We recently wrote a post about "How to give your child the best head start in life" and shortly after, I read an article on The Straits Times titled "Relax, why turn childhood into a race for results?". I realised that although my post was about encouraging parents to read to their children, the title somewhat reflects a certain desire to race ahead of others.
"Enjoyment is the inner fuel that fires a man or woman's desire to keep learning. So it's best not to extinguish that flame early in life by pushing children to produce immediate results."
This particular sentence in the article is both encouraging and refreshing given how the "kiasu" mindset (an irrational fear of losing out) is prevalent in Singaporean society. How often do we hear children or even teachers promote the enjoyment or love for learning?
So what can be done you may ask...I think we should first talk about what we can stop doing to prevent destroying their love for learning.
1. Send them to a myriad of enrichment, tuition and extra lessons from a very young age.
Push them to the point of exhaustion and exasperation. Learning becomes a chore and they will lose interest.
2. Constantly tell them how much they are falling behind and losing out. Although having good results can improve your chances at landing a good job, young children are not able to fully understand or internalise this. They will lose hope. They will hate learning.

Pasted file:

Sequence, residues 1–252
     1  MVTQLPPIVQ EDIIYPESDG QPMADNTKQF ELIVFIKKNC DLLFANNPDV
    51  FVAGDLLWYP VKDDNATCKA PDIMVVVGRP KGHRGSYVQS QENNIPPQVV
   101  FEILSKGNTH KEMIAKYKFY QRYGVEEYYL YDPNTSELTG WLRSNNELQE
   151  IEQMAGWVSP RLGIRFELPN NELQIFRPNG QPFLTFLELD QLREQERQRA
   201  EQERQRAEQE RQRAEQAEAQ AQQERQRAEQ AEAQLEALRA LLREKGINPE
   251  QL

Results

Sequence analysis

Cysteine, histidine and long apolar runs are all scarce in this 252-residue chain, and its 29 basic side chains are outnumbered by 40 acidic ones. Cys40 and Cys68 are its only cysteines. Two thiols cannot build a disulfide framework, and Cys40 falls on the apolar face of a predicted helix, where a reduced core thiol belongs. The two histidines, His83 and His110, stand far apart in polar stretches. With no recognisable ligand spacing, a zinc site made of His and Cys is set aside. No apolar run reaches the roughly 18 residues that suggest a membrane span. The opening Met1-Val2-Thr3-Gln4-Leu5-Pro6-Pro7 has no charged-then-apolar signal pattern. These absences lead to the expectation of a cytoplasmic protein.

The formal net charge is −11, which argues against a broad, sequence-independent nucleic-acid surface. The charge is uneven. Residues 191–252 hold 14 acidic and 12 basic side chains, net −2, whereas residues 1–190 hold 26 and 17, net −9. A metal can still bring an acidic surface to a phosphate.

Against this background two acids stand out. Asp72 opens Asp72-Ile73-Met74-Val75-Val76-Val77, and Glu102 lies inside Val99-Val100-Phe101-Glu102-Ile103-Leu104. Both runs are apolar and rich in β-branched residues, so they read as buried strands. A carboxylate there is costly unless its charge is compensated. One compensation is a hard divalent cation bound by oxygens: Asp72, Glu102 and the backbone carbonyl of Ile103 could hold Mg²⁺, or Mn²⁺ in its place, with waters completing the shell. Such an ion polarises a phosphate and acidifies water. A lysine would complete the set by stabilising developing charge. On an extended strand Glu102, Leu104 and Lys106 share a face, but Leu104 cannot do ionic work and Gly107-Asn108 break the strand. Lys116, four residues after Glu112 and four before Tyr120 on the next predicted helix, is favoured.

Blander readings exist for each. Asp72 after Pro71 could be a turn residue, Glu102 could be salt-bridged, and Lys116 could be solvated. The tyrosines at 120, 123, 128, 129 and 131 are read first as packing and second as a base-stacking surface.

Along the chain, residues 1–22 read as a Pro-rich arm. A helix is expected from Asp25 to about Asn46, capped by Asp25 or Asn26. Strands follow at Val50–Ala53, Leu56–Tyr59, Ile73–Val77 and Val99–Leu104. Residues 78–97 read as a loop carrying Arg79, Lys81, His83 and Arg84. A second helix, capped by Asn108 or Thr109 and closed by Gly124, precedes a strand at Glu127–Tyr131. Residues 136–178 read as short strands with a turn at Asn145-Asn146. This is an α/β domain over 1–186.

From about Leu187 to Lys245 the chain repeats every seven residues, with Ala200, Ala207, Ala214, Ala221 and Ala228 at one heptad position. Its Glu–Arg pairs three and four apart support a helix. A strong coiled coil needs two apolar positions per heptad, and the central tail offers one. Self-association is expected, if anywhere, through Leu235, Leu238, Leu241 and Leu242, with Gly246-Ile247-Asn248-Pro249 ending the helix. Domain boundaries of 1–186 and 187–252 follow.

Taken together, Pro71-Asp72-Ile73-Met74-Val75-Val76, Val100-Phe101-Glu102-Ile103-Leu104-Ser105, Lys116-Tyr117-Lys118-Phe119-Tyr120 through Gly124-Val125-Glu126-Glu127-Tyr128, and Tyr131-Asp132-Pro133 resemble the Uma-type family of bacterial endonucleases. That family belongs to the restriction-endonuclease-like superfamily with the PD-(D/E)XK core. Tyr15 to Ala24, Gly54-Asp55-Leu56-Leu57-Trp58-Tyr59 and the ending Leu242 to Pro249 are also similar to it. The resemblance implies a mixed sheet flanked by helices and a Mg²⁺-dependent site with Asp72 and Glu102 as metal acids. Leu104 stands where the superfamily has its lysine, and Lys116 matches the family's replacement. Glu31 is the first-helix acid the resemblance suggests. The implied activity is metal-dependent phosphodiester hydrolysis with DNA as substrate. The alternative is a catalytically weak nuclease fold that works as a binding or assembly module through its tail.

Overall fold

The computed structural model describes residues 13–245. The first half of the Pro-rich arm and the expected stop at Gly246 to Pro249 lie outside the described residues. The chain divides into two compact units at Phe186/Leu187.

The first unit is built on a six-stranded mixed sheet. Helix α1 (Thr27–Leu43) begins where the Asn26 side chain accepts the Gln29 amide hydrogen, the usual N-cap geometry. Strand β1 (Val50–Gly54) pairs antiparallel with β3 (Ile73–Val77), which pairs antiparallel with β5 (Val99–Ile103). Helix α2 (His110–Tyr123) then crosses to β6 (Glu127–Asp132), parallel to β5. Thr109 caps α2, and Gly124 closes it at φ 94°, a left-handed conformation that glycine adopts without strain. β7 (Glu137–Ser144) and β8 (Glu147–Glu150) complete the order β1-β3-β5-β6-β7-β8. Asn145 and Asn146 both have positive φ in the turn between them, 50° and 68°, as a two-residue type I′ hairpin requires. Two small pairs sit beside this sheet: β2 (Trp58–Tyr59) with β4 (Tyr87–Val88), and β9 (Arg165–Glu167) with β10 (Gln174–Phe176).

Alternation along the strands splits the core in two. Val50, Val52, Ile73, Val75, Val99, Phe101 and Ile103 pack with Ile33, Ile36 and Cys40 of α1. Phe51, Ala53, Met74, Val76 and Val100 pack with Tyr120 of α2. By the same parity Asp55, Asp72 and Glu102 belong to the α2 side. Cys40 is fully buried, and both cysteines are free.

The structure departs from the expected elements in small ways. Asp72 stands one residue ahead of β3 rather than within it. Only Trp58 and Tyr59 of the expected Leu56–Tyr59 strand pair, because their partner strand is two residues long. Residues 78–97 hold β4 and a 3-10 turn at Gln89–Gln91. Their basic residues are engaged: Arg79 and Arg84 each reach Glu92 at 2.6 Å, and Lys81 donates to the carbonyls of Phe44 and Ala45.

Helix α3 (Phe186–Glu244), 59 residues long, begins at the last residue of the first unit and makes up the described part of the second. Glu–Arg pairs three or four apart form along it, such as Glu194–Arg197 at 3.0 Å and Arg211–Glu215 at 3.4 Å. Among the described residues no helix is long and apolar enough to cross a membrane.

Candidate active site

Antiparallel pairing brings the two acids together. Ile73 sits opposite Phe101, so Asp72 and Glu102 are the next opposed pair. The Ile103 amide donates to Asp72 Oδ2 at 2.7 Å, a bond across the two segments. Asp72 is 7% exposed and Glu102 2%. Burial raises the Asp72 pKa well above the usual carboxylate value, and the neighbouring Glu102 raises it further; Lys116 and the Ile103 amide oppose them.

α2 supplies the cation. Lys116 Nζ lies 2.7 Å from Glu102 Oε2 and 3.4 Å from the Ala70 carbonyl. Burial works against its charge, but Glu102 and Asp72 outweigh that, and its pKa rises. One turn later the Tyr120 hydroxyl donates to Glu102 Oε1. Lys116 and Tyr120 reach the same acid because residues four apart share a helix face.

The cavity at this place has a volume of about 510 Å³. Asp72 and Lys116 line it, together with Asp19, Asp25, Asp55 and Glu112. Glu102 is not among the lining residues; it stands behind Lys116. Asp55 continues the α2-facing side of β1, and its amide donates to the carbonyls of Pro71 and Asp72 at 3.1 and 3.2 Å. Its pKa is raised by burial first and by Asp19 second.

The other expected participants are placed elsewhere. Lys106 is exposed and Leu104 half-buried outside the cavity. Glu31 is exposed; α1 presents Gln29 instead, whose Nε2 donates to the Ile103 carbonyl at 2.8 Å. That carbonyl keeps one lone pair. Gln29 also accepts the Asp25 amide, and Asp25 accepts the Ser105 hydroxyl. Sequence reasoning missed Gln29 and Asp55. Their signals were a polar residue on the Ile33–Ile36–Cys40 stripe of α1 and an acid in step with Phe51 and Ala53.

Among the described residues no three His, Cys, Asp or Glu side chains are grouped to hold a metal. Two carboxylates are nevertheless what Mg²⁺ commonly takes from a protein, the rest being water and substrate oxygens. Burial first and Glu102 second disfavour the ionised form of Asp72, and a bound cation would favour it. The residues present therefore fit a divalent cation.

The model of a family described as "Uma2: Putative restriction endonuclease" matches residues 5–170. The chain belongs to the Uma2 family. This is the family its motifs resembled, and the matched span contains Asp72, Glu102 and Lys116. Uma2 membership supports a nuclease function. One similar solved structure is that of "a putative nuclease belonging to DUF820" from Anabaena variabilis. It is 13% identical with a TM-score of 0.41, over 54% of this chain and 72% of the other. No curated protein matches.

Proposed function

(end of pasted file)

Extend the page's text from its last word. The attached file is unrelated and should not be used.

3. Force them to focus on certain disciplines that you deem more lucrative or important. This is the fastest way down the slippery slope. Children won't love to learn something because it pays them well 20 years from now. (We don't even know what pays 20 years from now...)
I am so thankful that my parents never forced me to attend so many lessons or choose only the "science stream" for the sake of securing a job. They have always inculcated in me the virtue of doing my best in everything I undertake. They gave me space to grow my interest in reading, literature, writing and eventually teaching. I still love reading and writing not because it earns me anything but simply because I enjoy it.
What are your thoughts?
Vincent & Debra Kwan, Founders of Hiro & Jack and stay-at-home parents with the odd life.